By MAGGIE M, Editor, http://thewedge.LIVE
“I watch Downton Abbey,” this writer’s brother unreservedly admits. This is no delicate man; he is married, owns much property and is a busy, Senior Engineer in aerospace. It seems, the audience is far wider than I was aware.
The British television series has captured the hearts of millions, not the least of which, the British, Scottish and Irish, here in the wedge and especially in Perth.
Perth celebrated Downton Abbey at the Crystal Palace June 4th, 2016. Jill McKenna, Owner, Crossroads Tea Room, was the organizer of Downton Abbey High Tea.
Crossroads entertained and served authentic, ‘high tea’ to 200 guests dressed in 20s flapper-style. Some masqueraded as their favorite characters: Lady Mary, the dowager Countess and a few maids. St. Andrew’s Baroque Ensemble, dressed in Downton style, played their theme song on a baby grand piano.
Authentic ‘high tea’, fresh scones, Devon cream and preserves, is a daily ritual at the Crossroads. It is also where memories of the series erupt in conversation regularly. At present, the tea room is for sale; it will change hands soon. McKenna aims to reduce her workload; but, will stay in “the food business” nearby.
THE DOWNTON ABBEY FALLOUT
“I was very sad when I heard it was going to end,” McKenna emotes.
Alas! Downton Abbey ended with its final Series 6 in 2015. This decision orphaned millions of viewers around the globe, separating them from their imaginary family and friends.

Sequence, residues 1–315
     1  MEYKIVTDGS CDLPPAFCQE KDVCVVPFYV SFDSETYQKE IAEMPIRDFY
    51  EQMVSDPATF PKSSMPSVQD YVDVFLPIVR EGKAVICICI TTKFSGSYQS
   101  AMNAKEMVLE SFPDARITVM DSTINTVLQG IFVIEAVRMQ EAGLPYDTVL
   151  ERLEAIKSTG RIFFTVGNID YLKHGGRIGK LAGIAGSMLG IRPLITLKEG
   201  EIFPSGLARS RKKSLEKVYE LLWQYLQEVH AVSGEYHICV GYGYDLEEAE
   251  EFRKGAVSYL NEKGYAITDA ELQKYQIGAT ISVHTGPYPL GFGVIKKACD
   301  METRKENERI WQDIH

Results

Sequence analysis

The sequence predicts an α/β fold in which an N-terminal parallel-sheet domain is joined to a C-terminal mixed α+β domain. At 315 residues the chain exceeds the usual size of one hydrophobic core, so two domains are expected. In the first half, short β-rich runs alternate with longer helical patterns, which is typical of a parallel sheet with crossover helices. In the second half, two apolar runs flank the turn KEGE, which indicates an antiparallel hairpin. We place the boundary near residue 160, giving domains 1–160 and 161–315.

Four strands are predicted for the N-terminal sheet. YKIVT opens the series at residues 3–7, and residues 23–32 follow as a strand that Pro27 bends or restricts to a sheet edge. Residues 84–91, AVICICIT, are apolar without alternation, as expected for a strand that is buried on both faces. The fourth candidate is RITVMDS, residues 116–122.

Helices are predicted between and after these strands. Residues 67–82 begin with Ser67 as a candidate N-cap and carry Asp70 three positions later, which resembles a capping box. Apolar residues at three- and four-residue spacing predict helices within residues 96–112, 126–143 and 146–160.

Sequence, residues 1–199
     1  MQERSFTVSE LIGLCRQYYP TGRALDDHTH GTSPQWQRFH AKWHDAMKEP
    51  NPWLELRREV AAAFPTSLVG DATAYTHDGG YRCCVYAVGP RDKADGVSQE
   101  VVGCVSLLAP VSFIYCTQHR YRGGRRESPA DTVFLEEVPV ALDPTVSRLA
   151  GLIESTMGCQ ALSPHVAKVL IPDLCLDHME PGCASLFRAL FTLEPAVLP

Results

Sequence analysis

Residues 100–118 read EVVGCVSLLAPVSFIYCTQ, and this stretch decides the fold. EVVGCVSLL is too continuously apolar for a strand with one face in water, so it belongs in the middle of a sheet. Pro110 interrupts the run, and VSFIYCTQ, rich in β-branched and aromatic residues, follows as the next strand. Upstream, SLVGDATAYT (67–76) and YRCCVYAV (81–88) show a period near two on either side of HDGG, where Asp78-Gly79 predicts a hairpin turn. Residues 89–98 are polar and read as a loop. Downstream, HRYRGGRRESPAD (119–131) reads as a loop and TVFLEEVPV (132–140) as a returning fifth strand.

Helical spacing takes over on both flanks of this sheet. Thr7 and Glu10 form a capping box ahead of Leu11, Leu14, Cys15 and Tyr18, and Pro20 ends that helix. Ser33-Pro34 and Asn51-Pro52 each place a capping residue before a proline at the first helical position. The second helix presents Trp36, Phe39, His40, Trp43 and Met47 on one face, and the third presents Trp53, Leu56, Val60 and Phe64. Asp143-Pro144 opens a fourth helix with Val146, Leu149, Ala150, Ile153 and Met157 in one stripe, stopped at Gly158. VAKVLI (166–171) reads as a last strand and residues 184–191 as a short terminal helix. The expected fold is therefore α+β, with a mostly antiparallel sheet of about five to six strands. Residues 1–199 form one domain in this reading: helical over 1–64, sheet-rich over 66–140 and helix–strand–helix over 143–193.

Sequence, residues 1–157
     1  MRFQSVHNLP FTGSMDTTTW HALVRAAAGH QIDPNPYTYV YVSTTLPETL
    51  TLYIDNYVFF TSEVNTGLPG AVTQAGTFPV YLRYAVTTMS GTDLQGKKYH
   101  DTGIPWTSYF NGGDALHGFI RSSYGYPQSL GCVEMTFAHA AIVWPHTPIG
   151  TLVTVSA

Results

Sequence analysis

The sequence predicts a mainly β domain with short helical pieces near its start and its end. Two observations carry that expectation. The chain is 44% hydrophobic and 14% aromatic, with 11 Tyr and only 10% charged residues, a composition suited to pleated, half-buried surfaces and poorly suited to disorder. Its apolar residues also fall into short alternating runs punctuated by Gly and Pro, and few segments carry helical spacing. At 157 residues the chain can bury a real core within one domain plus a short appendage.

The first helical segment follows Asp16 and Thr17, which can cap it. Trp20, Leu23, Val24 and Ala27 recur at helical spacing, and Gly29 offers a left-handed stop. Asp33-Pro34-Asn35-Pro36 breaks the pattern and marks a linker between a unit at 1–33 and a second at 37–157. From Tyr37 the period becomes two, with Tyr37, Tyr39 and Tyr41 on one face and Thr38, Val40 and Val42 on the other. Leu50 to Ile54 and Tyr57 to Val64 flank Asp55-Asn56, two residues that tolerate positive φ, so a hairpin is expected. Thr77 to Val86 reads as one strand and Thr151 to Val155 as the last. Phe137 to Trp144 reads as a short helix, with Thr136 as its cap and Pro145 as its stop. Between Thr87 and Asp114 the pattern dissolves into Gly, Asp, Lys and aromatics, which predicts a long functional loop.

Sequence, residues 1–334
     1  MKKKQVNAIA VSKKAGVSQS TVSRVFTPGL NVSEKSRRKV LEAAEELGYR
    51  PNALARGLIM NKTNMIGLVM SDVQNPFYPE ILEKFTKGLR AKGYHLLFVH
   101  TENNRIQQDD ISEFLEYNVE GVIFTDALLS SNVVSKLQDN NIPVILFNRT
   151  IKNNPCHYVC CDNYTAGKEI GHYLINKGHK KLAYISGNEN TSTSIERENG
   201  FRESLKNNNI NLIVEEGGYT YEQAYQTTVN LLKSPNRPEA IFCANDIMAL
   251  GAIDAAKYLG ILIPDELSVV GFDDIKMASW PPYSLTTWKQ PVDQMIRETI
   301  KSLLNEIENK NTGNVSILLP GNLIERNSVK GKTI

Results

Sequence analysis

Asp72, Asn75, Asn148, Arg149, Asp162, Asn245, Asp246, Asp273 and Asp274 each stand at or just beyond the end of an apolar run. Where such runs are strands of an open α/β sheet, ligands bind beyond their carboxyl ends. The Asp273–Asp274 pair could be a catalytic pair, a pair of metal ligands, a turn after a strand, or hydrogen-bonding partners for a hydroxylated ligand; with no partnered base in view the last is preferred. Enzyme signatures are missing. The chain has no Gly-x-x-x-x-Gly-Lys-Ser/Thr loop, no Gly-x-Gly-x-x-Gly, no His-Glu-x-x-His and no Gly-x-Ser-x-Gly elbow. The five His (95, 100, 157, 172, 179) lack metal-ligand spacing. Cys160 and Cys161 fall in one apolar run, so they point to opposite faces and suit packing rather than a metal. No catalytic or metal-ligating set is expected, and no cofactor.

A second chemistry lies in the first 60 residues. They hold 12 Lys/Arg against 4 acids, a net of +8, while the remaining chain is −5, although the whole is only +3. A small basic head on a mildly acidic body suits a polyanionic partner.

I can enter any establishment and say, “Downton Abbey,” and strangers will immediately rapture about Lady Mary, Mr. Bates, Mrs. Hughes, Carson, their favorite characters, their plights and good fortune. It seems an odd rite of passage from reality to reverie.
CANADIAN CONNECTION TO DOWNTON ABBEY
Sir John A. MacDonald penned much of Canada’s constitution in 1866 at Highclere Castle, the proper name of the Downton Abbey site, Hampshire, U.K. Lord Carnarvon, Minister in charge of British colonies and Lord of the country house, evidently had a hand in the history of our nation.
Today, the castle is the home of Lady Carnarvon. I am reminded of supercilious Lady Mary saying, “Our people inherit, your people buy.” The class divide was the heart of conflict throughout the series; this makes for good drama.
DOWNTON ABBEY CONFLICTS
“What is a weekend?”, the dowager Countess of Grantham asks as they dine with Matthew Crawley, a middle-class, “country solicitor”, and distant cousin of Lord Grantham. The ruling class simply did not have “jobs” or work–this was beneath them. They did not lift a hand to dress or undress themselves; ladies’ maids and valets were essential hires. This is an awakening to many viewers not privy to the aristocracy’s mindset.
British inheritance laws in the edicts of the infamous ‘entail’, were discriminating by today’s standards. Daughters could not inherit, only sons, or males next-in-line. Marrying Lady Mary to the recipient of the entail would keep the money in the dynasty. This was the undermining theme throughout the series.
DOWNTON ABBEY COMEDY
It may seem an oxymoron to use the term ‘comedy’. But the dowager Countess and Mrs. Patmore, the cook, provided levity.
Often formal wear would ‘disappear’ and Grantham men appeared in dinner jackets instead of formal tails and white ties. The dowager and family where aghast! I almost spit my tea, when the dowager tapped her son’s chest (Lord Grantham) requesting a drink, saying, “O! I’m sorry I thought you were a waiter.” By some ruse, his formal habit had disappeared. To the aristocracy tradition, appearances, were essential.
MOTHER’S DAY AT DOWNTON
The series is available in DVD box sets and also on Netflix. The Crossroads would have been the next best thing; but, it is fully booked. Maybe Monday…
McKenna is considering an encore with another Downton event this Summer in Perth. I would dress up as Mr. Bates, the paragon of virtue in the tale; but, being a woman I will settle on Mrs. Hughes. Or maybe I’ll just wear a towering wide-brim hat as I shoot pictures and capture words.
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